Association between patterns of biological rhythm and self-harm: evidence from the baoxing youth mental health (BYMH) cohort

Dan Shan, Yue Wang, Marissa Tousey-Pfarrer, Cancan Guo, Mengtong Wan, Peijie Wang, Zhihao Dai, Fenfen Ge*, Jun Zhang*

*Corresponding author for this work

Research output: Contribution to journal/Conference contribution in journal/Contribution to newspaperJournal articleResearchpeer-review


Background: Self-harm, a severe mental health concern among children and adolescents, has varying global prevalence rates. Previous studies have suggested potential associations between specific behavioral aspects of biological rhythm and self-harm risk in these populations. Objective: Our study aimed to elucidate the relationship between biological rhythm patterns and the propensity of self-harm among Chinese children and adolescents using the Baoxing Youth Mental Health (BYMH) cohort. Methods: We included 1883 Chinese children and adolescents from the BYMH cohort. The self-report questions used to assess biological rhythm and self-harm. We applied Principal Component Analysis (PCA) to distinguish patterns of biological rhythms. Logistic regression models were conducted to estimate the associations between biological rhythm, as well as biological rhythm patterns and risk of self-harm. Results: Of the participants, 35.0% reported experiencing lifetime self-harm. PCA revealed six significantly predominant biological rhythm patterns. Elevated risks of self-harm were linked with unhealthy eating practices, daytime tiredness, and unhealthy bedtime snacking. Conversely, patterns emphasizing physical exercise, family meals for breakfast, and nutritious diet exhibited decreased self-harm propensities. These trends persisted across varied self-harm attributes, including type, recency, and frequency of self-harm. Conclusions: This study underscores the critical impact of biological rhythms on self-harm risks among Chinese youth. Targeted lifestyle interventions, focusing on improved sleep and dietary habits, could serve as potent preventive measures. Our findings lay the groundwork for future longitudinal studies to further probe these associations, fostering the creation of tailored interventions to curb self-harm and enhance mental well-being in younger populations.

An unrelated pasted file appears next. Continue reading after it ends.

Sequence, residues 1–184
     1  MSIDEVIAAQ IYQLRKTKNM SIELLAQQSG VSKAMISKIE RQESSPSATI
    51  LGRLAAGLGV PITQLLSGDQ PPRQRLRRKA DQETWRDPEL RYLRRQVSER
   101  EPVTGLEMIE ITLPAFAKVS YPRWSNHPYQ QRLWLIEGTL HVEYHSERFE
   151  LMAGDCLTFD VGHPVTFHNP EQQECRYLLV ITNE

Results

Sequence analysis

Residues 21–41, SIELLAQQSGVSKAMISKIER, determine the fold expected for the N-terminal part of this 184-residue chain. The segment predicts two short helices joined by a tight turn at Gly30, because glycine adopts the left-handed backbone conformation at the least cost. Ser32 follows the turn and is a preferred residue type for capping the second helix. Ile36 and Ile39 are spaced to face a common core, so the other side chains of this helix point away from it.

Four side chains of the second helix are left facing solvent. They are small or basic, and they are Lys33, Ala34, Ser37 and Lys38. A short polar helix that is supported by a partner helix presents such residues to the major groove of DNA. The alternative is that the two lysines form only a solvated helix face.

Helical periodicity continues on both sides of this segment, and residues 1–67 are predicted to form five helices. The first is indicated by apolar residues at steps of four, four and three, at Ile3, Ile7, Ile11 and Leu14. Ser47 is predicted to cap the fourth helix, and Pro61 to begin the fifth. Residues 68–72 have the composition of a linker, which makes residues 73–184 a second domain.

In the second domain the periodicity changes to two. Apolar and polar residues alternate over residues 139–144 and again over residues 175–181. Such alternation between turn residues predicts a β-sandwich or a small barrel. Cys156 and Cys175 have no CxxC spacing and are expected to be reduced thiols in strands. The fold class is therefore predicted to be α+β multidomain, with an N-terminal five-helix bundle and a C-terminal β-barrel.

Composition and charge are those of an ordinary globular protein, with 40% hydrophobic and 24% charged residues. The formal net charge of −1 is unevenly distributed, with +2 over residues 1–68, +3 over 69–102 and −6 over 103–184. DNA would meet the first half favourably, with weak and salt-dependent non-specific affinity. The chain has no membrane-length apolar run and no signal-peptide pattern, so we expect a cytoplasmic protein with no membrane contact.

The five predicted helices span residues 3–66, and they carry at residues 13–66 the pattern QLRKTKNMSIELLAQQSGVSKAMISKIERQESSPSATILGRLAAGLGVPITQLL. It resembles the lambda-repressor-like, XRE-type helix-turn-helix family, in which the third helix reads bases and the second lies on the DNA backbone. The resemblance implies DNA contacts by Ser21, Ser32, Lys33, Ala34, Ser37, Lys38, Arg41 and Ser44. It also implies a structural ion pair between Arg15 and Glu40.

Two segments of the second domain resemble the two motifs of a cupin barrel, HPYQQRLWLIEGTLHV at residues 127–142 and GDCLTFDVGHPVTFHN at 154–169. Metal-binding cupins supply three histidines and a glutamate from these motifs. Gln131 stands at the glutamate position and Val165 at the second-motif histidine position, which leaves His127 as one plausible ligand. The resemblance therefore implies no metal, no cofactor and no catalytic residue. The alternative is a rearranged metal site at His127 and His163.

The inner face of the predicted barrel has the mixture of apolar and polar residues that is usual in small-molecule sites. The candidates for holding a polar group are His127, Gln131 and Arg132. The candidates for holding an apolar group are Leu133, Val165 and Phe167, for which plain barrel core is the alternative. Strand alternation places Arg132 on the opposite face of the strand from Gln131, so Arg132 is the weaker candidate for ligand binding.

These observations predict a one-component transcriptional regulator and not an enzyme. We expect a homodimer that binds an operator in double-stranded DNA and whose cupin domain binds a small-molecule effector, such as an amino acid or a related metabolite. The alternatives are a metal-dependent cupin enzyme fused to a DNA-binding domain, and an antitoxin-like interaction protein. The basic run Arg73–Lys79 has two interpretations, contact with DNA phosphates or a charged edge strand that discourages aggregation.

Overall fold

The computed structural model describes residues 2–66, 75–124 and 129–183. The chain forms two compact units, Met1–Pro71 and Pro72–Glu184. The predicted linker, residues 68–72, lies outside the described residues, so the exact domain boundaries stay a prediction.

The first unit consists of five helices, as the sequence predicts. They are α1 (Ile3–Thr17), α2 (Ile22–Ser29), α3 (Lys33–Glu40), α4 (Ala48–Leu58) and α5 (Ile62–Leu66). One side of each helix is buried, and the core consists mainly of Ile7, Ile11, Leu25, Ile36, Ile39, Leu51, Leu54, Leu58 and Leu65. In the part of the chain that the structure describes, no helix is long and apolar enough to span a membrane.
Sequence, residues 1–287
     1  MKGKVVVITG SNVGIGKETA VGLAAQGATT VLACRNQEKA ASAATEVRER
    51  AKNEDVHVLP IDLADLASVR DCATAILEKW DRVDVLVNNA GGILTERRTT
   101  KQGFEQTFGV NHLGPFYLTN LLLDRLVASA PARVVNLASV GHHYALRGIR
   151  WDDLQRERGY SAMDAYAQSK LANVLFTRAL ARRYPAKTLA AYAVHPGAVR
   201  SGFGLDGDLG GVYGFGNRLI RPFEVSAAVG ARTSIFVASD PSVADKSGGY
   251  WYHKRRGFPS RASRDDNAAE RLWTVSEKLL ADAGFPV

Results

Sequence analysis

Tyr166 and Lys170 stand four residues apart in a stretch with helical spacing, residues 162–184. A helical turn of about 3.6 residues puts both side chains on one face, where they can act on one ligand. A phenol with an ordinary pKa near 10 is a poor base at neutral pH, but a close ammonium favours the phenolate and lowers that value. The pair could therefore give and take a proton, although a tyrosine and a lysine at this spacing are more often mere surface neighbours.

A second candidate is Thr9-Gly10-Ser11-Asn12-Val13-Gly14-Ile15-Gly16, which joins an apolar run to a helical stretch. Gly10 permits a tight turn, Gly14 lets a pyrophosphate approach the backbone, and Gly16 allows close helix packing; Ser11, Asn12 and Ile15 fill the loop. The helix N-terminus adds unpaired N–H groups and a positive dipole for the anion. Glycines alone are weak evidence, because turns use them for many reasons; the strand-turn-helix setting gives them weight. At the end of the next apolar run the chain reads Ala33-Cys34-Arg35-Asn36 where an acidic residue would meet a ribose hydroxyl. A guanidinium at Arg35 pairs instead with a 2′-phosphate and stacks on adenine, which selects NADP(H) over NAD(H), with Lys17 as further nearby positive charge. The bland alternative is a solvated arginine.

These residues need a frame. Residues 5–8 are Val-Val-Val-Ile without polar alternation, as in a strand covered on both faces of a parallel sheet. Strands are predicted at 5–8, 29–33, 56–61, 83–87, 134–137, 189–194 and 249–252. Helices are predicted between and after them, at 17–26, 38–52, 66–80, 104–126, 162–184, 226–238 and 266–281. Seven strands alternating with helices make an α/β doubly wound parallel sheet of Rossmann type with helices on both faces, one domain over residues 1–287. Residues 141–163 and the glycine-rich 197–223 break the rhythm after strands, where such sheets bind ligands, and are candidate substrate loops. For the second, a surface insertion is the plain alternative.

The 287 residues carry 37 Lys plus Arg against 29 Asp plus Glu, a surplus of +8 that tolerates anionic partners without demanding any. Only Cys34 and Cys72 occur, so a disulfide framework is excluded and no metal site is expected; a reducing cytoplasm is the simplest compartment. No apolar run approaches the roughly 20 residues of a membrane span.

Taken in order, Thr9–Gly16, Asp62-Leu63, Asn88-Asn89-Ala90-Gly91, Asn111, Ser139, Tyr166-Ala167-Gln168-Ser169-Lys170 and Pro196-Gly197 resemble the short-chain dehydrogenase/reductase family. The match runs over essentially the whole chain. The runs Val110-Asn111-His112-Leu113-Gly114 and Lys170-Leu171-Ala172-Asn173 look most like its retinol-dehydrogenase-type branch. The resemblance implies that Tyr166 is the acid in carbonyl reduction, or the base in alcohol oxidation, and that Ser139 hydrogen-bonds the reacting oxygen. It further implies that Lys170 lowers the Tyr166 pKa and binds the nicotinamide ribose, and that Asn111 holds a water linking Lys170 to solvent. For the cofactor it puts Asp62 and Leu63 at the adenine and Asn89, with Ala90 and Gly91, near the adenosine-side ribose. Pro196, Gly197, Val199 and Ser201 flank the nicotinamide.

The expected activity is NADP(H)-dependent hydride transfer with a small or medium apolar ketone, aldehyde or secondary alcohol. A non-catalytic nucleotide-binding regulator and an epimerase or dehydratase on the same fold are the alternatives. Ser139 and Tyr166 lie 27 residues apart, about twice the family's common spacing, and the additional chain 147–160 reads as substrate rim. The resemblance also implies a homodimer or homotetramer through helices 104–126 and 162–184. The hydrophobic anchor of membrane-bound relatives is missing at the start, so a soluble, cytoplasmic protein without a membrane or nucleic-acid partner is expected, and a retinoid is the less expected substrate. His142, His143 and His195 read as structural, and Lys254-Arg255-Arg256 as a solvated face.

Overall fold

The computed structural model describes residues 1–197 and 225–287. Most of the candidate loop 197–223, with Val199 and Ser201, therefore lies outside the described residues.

Original languageEnglish
Article number3
JournalChild and Adolescent Psychiatry and Mental Health
Publication statusPublished - Jan 2024


  • Biological rhythms
  • Chinese youth
  • Lifestyle interventions
  • Self-harm
  • Suicide


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